And then they sit behind the nurses station when the manager disappears and bitch about it among themselves in whispers. Pathetic.

"Then…I challenge each of you to have three conversations this year, out of your comfort zone. I want you to talk with that nurse colleague, and a physician, and with someone in administration, preferably an executive. I want you to find common ground with them as a human being and have a conversation. Break the ice by asking them, what is the most difficult part of your job… Let them know you’re interested in what they have to say. And then… creatively propose a way to start solving the problem of safe staffing. Together. Follow through. Commit."

We need to start talking with people, to get out of our everyday routine and realize that unless we start to take steps to change our situation, we won't ever make things better. Don't expect things to happen overnight. The point is, all of us, taking little steps as individuals, can create a powerful force. If you're too scared to have these conversations alone, find a teammate to go with you and back you up.

Don't be intimidated by executives. Just because they wear suits and make lots of money does not mean they have some kind of magic powers. Remember that inside that suit is a human being who could just as easily put on a pair of scrubs. Not that they would have a clue what to do next, but the point is, they are people. If you can relate to them as another human being and not some unapproachable authority figure, you'll have a much more relaxed conversation.

Sometimes physicians can be rushed, abrasive or unapproachable. They are always short on time because they are just as swamped with their patient load as we are. But by refusing to take time to interact within the greater community of healthcare, they are missing out too. They isolate themselves and this is not a good thing. I talk extensively about this in my book, Navigating the C. Physicians need to make themselves available and approachable by taking steps to take control of their own working conditions.

"When we have those conversations, there are a few points I want you to take away, remember, and use."


1. "There is a difference between safe staffing to avoid sentinel events and staffing that is adequate to improve a patient’s health after being hospitalized or being treated in a healthcare facility."

When you look at healthcare like any other business, the whole idea is to make money. But we're not just providing gadgets made on an assembly line. People and illnesses are unpredictable, they don't act in a linear, measured way. You can't set safety standards to cover all possible scenarios. There has to be some human judgement involved. It's not a factory setting.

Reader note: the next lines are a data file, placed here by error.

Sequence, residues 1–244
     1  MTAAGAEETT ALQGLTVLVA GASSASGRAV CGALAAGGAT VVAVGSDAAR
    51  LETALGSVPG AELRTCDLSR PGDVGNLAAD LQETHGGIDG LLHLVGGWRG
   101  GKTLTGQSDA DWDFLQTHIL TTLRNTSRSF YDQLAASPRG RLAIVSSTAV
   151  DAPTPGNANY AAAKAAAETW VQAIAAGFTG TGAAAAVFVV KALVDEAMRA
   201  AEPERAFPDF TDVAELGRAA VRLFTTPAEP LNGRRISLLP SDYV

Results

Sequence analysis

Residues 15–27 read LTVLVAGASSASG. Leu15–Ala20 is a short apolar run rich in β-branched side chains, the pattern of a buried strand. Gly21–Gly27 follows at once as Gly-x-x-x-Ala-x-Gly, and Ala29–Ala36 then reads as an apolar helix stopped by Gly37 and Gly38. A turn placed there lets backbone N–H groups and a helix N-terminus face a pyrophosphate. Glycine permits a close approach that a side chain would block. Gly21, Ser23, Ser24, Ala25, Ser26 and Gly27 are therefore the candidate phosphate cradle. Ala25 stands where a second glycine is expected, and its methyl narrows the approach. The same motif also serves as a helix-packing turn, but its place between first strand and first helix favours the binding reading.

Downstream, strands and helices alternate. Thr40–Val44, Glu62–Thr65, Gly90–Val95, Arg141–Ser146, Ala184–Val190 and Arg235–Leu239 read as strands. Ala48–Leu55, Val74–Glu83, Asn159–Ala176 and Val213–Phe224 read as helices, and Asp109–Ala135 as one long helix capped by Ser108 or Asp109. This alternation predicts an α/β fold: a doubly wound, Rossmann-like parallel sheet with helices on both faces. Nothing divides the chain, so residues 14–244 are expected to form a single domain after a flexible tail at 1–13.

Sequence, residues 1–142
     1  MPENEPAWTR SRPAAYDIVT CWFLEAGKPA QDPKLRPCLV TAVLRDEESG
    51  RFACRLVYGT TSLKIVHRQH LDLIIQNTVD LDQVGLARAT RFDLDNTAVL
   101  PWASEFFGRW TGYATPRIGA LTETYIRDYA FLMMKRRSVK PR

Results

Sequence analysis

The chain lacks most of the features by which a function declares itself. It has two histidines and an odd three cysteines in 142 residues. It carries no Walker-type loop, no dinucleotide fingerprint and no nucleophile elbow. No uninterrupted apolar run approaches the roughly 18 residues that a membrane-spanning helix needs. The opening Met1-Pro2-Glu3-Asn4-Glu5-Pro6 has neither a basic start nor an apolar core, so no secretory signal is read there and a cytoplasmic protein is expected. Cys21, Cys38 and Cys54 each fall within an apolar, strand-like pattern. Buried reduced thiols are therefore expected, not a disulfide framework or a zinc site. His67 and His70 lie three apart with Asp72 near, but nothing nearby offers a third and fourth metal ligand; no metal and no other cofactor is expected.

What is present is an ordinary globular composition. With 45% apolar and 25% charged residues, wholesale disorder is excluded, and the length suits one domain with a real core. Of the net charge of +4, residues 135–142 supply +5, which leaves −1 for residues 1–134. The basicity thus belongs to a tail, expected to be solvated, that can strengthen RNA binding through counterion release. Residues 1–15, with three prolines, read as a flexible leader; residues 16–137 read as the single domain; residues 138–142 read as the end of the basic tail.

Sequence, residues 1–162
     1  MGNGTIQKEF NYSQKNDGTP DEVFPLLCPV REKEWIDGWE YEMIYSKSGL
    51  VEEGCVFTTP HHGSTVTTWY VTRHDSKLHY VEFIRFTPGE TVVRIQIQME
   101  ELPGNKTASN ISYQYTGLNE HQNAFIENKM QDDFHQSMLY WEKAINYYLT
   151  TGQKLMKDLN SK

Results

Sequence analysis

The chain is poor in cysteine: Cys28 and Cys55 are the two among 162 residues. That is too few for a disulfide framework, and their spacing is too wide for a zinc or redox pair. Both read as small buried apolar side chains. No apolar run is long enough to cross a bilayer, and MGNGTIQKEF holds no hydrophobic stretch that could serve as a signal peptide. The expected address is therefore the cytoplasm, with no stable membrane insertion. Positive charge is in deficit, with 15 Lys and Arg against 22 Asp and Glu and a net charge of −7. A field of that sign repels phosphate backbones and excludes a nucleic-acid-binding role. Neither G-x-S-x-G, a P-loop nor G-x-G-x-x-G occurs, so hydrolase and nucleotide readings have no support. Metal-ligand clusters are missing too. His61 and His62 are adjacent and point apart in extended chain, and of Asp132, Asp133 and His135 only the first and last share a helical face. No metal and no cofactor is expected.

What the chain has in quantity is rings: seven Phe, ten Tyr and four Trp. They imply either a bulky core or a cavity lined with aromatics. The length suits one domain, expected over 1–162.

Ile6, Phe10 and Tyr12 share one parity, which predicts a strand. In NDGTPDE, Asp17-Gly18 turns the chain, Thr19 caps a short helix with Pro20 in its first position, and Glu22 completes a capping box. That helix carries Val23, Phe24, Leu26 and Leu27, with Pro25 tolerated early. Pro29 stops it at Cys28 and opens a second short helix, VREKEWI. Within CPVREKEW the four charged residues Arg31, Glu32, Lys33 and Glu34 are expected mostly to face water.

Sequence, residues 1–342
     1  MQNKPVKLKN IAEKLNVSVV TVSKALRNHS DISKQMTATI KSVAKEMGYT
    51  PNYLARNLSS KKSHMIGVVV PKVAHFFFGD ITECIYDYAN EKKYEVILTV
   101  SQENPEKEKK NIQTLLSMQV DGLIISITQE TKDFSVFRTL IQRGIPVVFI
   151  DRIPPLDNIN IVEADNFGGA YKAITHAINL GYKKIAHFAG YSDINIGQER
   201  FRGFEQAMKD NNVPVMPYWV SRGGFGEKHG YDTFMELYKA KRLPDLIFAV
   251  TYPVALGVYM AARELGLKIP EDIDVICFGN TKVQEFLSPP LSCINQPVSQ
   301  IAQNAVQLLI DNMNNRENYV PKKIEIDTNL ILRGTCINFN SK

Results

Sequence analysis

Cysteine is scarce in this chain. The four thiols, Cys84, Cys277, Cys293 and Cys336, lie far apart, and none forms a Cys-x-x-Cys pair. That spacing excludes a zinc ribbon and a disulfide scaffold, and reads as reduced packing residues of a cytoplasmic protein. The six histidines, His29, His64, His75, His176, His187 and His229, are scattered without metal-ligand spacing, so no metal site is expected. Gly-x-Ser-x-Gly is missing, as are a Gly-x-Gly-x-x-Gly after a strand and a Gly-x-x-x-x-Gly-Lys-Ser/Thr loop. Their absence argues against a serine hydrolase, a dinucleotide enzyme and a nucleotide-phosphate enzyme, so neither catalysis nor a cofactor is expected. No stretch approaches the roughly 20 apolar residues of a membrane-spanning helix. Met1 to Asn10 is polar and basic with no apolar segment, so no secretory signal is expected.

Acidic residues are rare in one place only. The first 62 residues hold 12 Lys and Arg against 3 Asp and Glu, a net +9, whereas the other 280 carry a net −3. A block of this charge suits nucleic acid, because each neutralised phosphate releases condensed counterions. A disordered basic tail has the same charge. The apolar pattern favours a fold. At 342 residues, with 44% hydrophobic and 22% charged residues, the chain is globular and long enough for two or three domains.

Maybe with one nurse to 6 patients nobody dies on a given shift, but did every one of those 6 patients get their medicine on time? IV tubing changed? Dressings changed? Blood glucose checked on time? Call lights answered? Education completed with time to ask questions including on the day of discharge? Linens changed? Ambulation (walking) around the unit? Baths? Trips to the bathroom if an escort was needed? Did the nurse get all of the charting done and check all the orders within the limits of that 12 hour shift? Report given to oncoming shift without any omissions?

2. "Today’s nursing jobs are not the equivalent of a regular desk job. They shouldn’t be compensated like a desk job. Hour for hour, we put in a lot more work and have a lot more responsibility than your average paper pusher. It beats us up, physically, emotionally, spiritually. 36 ≠ 40! Think about that."

I know a lot of nurses (and laypeople too) think that working three 12 hour shifts a week is great because you get four days off, but you pay a price for that. How do you feel that first day off? Are you just as perky and productive, ready to jump out of bed and take on the day with full energy? Maybe if you're 23 and just out of school, but the longer you work and the older you get, the less resilient your body is going to be. It takes a day or two to recover your energy after working those back to back long shifts.

A 12 hour shift is never just 12 hours. Most nurses don't get paid breaks so they are scheduled for 12.5 hours- usually something like 7 am to 7:30 pm, or 7 pm to 7:30 am. Whether they took that break or not, and it's usually not. Add any time it takes to drive to and from work, find a place to park, walk into the building, get ready for report. For most nurses it's a good 14+ hour day. That leaves little time between shifts for basic self-care- like enough sleep, time to prepare and cook a healthy meal, spend time with your family, take care of pets, doing chores around the house that can't be put off, and so on.

Nurses might be considered full time at 36 hours a week, but they don't get paid any more for the hazards they endure, they don't always get ample vacation time, almost never get sick leave that isn't coming out of their vacation time, they never get compensated for missing lunch, they get in trouble for working unapproved overtime even though they can't finish all the documentation of their day within that 12 hour time frame because they were busy taking care of everything that came up around their patients' needs all day. Some nurses who are represented by unions might get some of these perks, but in most states, especially those deep red, "right-to-work" states, they don't get any extras.